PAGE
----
These factors are all a part of the everyday realities of those living in rural poverty, and it is shocking that instead of addressing these issues, misinformation and ignorance remains at the forefront of public discussions. We cannot expect the lives of those living in rural poverty to improve if any discussion about the matter is met with jokes about the ‘affluence’ of these areas, especially when this is simply not the case for so many rural households. The trend of condemning impoverished families who happen to live in Conservative-majority constituencies is also counter-productive – no one deserves to live in poverty, regardless of who they voted for.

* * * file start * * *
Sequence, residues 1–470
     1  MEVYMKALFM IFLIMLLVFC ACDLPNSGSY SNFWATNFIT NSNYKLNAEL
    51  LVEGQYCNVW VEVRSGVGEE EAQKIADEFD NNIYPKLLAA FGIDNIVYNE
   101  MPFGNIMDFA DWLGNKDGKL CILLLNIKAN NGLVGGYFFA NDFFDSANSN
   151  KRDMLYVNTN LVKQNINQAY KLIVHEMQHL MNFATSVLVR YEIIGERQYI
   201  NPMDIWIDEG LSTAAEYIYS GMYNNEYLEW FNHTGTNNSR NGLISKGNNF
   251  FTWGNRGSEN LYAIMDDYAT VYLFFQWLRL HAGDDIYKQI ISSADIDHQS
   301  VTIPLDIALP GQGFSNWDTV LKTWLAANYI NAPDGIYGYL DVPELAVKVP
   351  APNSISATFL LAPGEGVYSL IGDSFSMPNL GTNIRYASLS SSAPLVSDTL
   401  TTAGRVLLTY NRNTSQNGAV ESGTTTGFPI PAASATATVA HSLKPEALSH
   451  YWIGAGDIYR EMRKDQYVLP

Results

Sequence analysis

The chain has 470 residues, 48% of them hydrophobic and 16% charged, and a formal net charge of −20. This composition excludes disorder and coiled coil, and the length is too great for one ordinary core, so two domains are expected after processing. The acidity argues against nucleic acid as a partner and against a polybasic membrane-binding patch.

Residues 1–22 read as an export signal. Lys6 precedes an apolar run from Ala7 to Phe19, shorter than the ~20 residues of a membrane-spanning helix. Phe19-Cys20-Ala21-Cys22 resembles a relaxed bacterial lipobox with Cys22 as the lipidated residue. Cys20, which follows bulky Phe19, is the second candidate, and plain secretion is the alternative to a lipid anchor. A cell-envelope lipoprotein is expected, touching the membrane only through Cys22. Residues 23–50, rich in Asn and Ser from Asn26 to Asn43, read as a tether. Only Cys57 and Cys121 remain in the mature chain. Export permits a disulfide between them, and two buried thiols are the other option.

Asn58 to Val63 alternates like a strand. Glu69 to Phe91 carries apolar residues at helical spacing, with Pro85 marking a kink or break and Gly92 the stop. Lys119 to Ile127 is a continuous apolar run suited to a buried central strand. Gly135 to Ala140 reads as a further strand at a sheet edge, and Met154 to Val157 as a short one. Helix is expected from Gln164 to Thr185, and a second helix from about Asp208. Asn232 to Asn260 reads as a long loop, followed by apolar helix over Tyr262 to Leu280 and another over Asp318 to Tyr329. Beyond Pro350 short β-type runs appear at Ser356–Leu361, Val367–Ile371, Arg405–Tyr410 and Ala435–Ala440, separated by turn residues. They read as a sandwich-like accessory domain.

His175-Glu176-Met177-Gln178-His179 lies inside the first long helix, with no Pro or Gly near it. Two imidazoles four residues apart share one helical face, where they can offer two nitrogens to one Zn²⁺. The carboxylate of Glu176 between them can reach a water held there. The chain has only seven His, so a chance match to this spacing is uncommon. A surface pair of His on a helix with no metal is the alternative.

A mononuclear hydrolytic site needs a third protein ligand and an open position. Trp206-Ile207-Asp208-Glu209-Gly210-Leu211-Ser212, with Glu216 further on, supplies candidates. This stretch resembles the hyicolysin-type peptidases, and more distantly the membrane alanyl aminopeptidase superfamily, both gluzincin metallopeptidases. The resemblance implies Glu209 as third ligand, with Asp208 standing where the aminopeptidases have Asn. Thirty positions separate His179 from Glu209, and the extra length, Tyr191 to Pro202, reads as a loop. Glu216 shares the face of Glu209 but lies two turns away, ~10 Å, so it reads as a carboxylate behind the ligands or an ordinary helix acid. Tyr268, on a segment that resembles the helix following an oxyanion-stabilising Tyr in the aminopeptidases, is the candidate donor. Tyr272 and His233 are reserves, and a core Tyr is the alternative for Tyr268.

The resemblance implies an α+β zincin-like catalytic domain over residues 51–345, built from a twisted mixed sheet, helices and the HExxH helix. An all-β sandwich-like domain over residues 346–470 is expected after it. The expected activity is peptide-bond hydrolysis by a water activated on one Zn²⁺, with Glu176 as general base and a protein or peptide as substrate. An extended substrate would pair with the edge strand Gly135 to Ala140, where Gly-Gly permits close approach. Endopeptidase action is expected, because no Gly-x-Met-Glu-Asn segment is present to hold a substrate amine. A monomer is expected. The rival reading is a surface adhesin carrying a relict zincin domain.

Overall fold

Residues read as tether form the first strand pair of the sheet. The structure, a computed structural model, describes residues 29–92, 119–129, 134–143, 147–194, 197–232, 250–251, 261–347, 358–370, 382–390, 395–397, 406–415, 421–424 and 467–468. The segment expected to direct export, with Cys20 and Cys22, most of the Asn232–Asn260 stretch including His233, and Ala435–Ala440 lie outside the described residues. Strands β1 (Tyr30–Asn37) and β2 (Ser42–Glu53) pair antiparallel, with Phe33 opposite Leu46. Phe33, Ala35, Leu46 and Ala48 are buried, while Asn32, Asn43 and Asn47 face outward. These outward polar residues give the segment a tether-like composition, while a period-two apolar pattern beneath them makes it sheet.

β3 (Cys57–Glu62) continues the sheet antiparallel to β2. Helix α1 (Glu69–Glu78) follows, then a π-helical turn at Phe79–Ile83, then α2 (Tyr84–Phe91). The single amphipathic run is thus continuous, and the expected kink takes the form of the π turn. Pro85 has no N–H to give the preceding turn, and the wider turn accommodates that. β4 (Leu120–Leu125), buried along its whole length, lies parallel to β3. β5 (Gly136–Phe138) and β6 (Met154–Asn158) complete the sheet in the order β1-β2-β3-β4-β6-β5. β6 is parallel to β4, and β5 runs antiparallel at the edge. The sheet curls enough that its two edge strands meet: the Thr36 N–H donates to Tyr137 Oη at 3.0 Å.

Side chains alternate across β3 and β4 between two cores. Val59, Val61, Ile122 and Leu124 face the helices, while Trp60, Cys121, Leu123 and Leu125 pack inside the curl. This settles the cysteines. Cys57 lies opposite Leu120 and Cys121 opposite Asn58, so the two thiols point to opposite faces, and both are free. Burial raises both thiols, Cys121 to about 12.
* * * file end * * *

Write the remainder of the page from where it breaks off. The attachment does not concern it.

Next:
The straight-out-of-a postcard façade of the English countryside must not stand in the way of a true acknowledgement of rural poverty, and the possibility of legislation that could bring about meaningful change for all living in poverty, irrespective of geographical location. It is increasingly clear that the idyllic image and rich, upper-class stereotypes attributed to the countryside has caused rural poverty to be sidelined to the point where many do not even realise that it exists at all. The sidelining and erasure of rural poverty must be addressed in order to bring about greater support and funding to those in need: an increase in public services funding, improved infrastructure, and a society that actually shows empathy to those in rural poverty.